I’ll always remember my brief foray into campus politics with a smile. A bushy-tailed freshman, I made my run for one of those powerful seats in our hallowed, and by hallowed I mean not hallowed at all, student government – GUSA.

I attended the meetings, filled out petitions and put up fliers. Nonetheless, I quickly found myself falling behind in the race. I just couldn’t keep up with everyone else’s campaign promises. There were people who had “great ideas,” others who disliked New South food and some, not many, but some, who had names that rhymed with sexy and dexy, as in Dexy’s idnight Runners. I eventually finished second-to-last in the election, having been beaten out by several campaign dropouts, a Wisey’s bum, all four members of Abba, the unholy living corpse of Adlai Stevenson and your mom.

After this adventure, I slowly learned more about Georgetown’s source of student advocacy. Now, many people will tell you that GUSA had its roots in the 1980s, replacing another student government which replaced something called the Yard which itself had grown out of 1920s vaudeville troupe named Rosenstern and Guildencrantz.

Behind this musical facade lies a much darker background lies. GUSA was actually founded in 1964 as the Georgetown University Squirrel Alliance, a corporatist-Menshevik-revolutionary front founded by the charismatic but enigmatic Black Squirrel. This legendary guerrilla rodent maintained a martial ideology, intent at overthrowing all human society at Georgetown. Nonetheless, a power struggle ensued in 1983, pitting squirrel against squirrel in internecine warfare. Seeing weakness, human interlopers crushed the revolution and seized control of GUSA in fall 1986.

As you see, much of GUSA is still shrouded in myth. To help out any freshmen considering making the same decision I did three years ago, here are some other myths that I have helpfully debunked for you:

1. GUSA satisfies your recommended daily allowance of vitamin D.

No, milk does.

2. GUSA representatives suck the breath from small children while they sleep.

No, this is actually an ancient legend and not part of the reformed GUSA reform constitution. In the legend, small gremlins or trolls sneak into children’s bedrooms and steal their breath, either by resting and putting excessive weight on their lungs or directly inhaling the child’s breath through his or her nose. Of course, there is that one clause in the proposed Yard constitution, but I dare them to find an ample enough supply of gremlins and trolls to carry out the grim task.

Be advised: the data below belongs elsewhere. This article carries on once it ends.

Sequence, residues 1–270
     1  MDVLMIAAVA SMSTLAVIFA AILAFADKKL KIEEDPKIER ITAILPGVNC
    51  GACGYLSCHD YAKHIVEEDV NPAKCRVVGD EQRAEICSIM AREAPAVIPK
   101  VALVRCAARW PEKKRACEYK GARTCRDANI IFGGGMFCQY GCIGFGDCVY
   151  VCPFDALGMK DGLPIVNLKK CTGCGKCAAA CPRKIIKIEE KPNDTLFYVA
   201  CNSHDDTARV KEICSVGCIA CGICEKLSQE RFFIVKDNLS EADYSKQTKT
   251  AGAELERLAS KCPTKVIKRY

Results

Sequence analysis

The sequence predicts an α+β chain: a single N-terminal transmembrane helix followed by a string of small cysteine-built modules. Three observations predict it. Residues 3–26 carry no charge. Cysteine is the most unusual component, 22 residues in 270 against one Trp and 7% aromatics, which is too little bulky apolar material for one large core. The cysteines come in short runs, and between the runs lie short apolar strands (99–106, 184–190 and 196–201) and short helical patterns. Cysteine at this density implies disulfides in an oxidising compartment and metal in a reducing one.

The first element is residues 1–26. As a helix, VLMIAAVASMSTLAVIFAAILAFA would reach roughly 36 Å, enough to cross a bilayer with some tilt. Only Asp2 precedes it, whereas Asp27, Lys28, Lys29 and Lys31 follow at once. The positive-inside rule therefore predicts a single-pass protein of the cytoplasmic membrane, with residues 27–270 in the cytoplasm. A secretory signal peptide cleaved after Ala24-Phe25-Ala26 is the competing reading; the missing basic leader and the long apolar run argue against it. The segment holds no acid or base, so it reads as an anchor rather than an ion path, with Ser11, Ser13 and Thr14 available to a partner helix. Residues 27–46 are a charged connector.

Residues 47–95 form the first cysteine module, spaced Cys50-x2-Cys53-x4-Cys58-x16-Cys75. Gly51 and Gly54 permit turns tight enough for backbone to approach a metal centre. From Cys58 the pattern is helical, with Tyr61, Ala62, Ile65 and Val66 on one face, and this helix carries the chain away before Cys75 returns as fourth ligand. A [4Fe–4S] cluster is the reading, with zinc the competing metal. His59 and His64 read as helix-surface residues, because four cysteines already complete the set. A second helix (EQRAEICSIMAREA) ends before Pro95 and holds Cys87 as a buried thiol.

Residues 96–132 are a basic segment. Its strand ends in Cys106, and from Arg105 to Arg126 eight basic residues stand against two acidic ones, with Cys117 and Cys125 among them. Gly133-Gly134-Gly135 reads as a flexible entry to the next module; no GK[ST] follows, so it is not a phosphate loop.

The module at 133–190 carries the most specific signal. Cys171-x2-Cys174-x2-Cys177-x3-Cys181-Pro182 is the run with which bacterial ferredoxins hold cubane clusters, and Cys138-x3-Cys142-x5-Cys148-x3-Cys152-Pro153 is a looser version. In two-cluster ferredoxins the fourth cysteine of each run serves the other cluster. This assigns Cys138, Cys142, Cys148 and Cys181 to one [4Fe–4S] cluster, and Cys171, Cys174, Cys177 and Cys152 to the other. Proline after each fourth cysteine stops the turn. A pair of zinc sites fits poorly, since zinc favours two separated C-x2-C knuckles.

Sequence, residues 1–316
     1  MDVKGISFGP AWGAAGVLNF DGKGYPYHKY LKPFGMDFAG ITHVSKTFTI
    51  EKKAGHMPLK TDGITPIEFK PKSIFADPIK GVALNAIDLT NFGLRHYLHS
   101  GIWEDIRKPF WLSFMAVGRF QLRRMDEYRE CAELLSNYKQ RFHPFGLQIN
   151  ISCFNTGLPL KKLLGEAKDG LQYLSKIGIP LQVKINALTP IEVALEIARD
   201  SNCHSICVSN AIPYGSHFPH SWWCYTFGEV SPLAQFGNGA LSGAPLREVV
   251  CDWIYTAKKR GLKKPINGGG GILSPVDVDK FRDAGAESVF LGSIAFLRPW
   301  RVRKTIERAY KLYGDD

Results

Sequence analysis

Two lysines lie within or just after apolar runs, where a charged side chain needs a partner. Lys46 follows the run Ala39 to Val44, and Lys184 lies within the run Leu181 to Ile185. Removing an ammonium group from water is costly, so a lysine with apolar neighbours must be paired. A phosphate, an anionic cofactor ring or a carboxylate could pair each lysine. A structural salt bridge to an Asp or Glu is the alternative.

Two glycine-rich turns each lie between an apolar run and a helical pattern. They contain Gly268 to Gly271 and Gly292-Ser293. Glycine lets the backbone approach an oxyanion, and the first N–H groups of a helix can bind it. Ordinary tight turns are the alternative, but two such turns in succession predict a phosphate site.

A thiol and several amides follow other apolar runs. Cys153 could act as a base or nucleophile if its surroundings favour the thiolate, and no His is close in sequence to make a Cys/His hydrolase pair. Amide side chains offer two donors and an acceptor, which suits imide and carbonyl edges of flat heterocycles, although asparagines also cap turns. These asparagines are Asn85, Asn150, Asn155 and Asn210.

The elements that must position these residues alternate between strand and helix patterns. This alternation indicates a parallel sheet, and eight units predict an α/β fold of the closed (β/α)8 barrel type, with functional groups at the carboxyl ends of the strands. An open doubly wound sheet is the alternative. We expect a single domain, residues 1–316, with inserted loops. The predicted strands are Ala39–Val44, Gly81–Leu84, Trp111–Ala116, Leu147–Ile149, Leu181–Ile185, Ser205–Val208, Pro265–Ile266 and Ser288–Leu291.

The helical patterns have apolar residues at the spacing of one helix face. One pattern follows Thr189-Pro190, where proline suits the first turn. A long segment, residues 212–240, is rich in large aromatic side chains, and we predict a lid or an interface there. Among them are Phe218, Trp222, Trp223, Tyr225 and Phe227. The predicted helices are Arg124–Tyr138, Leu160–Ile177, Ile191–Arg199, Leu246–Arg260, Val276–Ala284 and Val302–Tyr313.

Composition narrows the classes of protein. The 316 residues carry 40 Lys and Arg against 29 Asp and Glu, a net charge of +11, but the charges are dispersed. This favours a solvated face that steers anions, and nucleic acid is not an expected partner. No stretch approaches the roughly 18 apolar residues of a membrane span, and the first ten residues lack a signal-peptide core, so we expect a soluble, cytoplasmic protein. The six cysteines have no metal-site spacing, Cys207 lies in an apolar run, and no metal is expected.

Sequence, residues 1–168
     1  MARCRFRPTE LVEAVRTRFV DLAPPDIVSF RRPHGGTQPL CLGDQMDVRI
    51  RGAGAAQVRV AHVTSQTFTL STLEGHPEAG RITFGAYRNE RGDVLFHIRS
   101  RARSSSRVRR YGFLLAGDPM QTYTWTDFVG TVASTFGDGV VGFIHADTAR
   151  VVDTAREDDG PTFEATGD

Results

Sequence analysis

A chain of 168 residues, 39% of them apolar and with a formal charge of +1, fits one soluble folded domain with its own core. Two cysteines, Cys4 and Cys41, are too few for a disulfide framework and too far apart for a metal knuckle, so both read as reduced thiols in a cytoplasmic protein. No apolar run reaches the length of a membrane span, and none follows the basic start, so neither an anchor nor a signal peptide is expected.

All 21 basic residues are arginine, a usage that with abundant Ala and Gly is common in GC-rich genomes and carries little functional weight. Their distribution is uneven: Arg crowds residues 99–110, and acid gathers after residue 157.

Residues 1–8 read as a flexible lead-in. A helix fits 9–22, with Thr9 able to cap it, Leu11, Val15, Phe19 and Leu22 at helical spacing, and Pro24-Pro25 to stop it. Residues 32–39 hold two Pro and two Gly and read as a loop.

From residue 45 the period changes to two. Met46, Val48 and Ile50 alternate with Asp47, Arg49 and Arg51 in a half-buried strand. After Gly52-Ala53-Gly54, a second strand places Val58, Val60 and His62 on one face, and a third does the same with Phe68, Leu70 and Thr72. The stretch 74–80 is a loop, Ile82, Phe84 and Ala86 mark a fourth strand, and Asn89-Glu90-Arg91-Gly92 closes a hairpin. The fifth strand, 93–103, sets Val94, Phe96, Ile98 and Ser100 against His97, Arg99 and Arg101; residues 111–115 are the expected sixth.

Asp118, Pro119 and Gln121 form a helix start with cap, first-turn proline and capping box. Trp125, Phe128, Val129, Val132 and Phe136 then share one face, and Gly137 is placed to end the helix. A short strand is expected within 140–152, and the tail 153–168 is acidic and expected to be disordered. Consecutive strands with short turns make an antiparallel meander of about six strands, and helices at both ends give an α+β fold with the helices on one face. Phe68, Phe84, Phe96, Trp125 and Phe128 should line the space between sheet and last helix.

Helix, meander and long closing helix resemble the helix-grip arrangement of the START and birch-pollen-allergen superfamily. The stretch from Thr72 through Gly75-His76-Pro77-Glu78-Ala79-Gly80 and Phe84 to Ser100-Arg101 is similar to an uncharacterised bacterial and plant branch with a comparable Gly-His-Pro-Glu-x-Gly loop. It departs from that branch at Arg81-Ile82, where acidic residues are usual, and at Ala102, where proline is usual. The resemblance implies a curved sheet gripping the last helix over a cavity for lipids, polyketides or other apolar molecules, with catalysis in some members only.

3. GUSA is a democratic institution.

Undetermined. Around 10 students vote in freshman elections, and that marks the high point of voter turnout among one’s four years at Georgetown. Now, if this is democracy, where’s rule by absolute fiat when you need it? Last year, only one rising senior voted, allowing him to claim the title of Chairman of the GUSA Politburo, a power which allowed him to smite any uppity SAC commissioner at will. And speaking of “Great Leaps Forward” in student governance, there just one more issue to address.

4. One can only change GUSA by advocating reform.

False. In fact, everyone who enters GUSA promotes some form of reform, from the uncommonly common “Common Sense” pamphlet of a few years back to the corporate stroking platform of former GUSA president Ron Palmese. In fact, it would be a major change for GUSA if everyone didn’t advocate some sort of purported reform. A true GUSA radical would admit publicly that he wanted to see GUSA amusingly roll down its slippery slope to oblivion. And laugh maniacally all the while.

There might be some of you out there who are saying, “But what about this Yard thing that some people are talking about? Wouldn’t that be different?” It’s true that the proposed Yard constitution has some new trinkets and shiny objects of parliamentary procedure, tribunals and freemason councils to amuse the populace, but in the end it just can’t escape the fact that most everyone on campus just don’t care which highfalutin’ self-proclaimed student elite represents them.

So there.

Speaking of this inter-organizational competition, I do have one important announcement to make.

This Sunday, Sunday, Sunday! GUSA President and Vice-President Ryan DuBose and Brian Walsh will take on all Yardies in a no-holds barred cage match! This is no myth. Come one, come all to the matchup of the century – GUSA-Yard! Your ticket will buy you the whole seat, but you’ll only need the edge! And in a shocking conclusion the Black Squirrel will emerge from retirement and exile to regain his title as GUSA heavyweight champion. The revolution will not be televised … except on pay-per-view!

You see, in the battle of student associations, the furry woodland creatures always win.

Colin Relihan is a senior in the School of Foreign Service and assistant Web editor of The Hoya.

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